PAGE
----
A drug of abuse is one with a high probability of causing addiction, according to the National Institute on Drug Abuse. Addiction is defined by the Institute as a chronic brain disease that is susceptible to relapse. It is characterized by compulsive drug seeking as well as compulsive use. This compulsive behavior occurs and continues despite the harmful, and oftentimes, profoundly negative consequences associated with the drug seeking and use.
Seemingly less harmful drugs are considered to be drugs of abuse because of their propensity to serve as a gateway drug to more serious addictive substances. For example, alcohol and marijuana are both considered drugs of abuse that could lead to the use of substances like meth, cocaine or heroin.
Drugs of abuse come in a range of different categories. Addiction recovery specialists classify them into illicit and legal categories. Illicit drugs include cocaine, heroin, meth and in the majority of the country, marijuana. Legal drugs include prescription medications and alcohol.
Drugs are further classified based on the effect they have on a person's body. They are also classified based on their addictiveness and potential for abuse, according to the United States Food and Drug Administration. Schedule III drugs are known as controlled substances. These are the drugs deemed most susceptible for abuse and for causing addiction in a user.
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There is a general correlation between the most commonly used drugs of abuse and the level of addictiveness of these substances. Alcohol tops the list as the most commonly used drug and one that is highly addictive.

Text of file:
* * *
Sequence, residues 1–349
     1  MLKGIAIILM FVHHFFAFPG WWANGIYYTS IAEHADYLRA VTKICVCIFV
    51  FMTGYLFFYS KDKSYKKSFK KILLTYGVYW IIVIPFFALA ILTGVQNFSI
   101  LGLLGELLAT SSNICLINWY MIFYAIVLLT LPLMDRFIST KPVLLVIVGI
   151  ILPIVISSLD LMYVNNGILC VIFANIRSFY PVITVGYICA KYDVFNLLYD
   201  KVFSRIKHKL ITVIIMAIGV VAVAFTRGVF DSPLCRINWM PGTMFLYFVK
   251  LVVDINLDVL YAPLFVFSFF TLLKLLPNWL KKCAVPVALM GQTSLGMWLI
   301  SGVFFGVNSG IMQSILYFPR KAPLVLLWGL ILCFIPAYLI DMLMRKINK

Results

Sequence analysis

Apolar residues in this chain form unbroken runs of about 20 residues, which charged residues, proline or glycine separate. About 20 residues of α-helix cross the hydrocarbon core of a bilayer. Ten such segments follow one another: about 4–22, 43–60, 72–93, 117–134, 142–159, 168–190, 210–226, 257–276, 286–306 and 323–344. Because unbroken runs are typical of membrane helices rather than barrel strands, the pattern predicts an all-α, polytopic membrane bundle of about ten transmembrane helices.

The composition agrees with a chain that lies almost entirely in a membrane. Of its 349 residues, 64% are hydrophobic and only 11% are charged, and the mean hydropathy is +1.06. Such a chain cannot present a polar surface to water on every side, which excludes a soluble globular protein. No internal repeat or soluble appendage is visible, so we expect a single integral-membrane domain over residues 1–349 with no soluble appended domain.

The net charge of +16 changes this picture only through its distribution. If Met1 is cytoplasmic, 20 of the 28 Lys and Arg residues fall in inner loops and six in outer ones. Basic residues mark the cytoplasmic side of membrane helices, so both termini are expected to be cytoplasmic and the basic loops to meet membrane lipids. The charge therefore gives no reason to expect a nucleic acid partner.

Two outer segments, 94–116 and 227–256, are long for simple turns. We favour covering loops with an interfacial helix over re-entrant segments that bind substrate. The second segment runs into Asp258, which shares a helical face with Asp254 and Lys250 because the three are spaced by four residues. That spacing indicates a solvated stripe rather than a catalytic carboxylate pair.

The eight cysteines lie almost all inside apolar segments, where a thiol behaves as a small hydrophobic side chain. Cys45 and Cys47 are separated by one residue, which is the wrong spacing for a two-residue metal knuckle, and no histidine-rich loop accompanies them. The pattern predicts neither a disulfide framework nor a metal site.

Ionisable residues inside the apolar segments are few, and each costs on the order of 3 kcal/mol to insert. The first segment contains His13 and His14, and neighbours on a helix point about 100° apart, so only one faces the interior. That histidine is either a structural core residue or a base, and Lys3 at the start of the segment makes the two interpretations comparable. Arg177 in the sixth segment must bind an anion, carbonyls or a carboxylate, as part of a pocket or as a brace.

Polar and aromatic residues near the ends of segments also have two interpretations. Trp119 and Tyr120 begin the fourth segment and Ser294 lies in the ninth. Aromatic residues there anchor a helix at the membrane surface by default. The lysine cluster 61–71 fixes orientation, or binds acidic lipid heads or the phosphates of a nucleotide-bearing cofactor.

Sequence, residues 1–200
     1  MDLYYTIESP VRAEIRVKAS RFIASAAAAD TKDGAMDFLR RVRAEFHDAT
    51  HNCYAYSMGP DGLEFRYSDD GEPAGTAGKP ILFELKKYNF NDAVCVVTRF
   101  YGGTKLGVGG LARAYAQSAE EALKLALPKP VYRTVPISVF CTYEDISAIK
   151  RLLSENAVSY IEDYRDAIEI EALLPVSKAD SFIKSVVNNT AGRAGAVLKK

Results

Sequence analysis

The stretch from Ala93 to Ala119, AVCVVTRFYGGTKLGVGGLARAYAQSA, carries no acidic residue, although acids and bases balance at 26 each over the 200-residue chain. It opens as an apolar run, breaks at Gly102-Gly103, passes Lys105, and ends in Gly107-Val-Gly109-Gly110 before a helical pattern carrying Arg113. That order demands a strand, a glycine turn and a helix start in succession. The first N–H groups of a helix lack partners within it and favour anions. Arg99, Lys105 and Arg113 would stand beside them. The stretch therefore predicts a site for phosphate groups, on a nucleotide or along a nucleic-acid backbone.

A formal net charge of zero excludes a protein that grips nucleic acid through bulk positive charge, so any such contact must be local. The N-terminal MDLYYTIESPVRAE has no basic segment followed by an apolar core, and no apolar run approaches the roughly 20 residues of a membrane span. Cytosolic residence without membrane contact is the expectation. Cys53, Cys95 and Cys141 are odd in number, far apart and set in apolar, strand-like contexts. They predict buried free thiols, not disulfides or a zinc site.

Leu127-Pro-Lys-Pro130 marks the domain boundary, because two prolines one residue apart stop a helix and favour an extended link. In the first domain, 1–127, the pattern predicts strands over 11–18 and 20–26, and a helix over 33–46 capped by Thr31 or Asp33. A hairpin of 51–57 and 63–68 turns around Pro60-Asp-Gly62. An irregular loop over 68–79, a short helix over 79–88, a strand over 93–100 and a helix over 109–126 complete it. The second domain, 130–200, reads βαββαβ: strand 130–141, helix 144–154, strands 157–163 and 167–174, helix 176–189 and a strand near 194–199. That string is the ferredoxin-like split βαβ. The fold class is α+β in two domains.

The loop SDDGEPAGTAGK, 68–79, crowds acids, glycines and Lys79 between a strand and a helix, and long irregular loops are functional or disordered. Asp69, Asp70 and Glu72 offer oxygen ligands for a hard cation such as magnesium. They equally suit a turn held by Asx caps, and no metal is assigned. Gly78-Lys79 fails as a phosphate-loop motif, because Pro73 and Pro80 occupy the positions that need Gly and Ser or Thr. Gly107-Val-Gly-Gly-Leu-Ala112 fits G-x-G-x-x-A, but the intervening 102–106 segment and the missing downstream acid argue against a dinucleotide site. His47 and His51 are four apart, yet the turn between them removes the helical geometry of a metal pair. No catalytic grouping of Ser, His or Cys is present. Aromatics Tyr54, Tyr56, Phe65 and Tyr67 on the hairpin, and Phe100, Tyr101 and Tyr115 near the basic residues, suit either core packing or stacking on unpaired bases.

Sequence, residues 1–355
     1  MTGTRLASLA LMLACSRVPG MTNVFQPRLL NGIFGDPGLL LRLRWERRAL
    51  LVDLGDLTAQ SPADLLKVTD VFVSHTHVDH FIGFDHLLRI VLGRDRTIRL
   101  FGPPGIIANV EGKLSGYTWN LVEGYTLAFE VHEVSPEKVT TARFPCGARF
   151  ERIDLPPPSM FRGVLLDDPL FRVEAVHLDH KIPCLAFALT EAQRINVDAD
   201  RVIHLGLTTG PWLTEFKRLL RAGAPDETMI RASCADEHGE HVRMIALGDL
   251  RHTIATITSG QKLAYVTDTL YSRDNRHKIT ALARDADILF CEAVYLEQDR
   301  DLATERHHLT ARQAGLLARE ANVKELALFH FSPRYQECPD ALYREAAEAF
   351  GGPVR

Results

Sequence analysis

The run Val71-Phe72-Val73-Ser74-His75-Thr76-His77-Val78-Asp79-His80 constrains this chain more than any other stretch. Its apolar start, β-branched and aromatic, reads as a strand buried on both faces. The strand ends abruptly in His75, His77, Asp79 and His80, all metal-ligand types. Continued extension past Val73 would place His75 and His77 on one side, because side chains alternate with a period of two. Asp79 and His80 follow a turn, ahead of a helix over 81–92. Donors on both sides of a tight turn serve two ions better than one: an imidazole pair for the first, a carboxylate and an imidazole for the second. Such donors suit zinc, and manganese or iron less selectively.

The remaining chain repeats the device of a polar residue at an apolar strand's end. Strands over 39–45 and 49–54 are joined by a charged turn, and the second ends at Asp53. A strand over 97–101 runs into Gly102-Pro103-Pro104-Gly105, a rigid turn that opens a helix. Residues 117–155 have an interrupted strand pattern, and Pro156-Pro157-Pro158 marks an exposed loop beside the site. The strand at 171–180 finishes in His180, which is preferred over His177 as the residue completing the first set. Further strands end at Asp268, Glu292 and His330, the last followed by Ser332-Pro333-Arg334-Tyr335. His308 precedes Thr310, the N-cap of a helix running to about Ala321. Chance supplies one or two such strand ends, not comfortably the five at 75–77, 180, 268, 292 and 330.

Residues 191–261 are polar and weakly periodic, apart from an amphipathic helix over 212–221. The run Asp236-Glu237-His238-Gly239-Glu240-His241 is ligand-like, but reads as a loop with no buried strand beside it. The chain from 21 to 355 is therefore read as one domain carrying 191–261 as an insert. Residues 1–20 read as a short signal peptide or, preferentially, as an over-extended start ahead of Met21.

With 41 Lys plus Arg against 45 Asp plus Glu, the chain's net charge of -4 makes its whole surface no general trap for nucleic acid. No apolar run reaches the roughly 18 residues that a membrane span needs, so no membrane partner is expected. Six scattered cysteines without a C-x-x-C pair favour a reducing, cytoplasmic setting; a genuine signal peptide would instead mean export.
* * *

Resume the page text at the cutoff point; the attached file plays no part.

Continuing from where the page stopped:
Other commonly used, highly addictive drugs include heroin, meth, cocaine and a variety of prescription medications. Pain medications top the list of highly addictive prescription medications that are widely abused today. The abuse of these medications occurs when people improperly use their own prescriptions and when others buy and sell these medications illegally or use them without a prescription.
It is important to know the warning signs of drug abuse so that you or someone you love can get the appropriate treatment. The following are signs of drug abuse:
A variety of treatment options exist for a person seeking to recover from a highly addictive drug of abuse. The treatment process will more than likely commence with medical detoxification. Withdrawal is a serious process, with the potential for serious and even life-threatening, complications. Therefore, detox needs to be medically supervised. At alcohol treatment centers, qualified medical professionals oversee the detox process for every patient and creates the most individualized and best-suited treatment plan possible. This ensures that every person received the utmost care and attention and that all their health needs are being met.
Once the detox process is completed, the patient will be able to fully integrate him or herself into the recovery process. They will participate in both individual and group therapy sessions and activities. They will be provided with education about relapse and alternative therapy methods that may better suit them on their journey to recovery.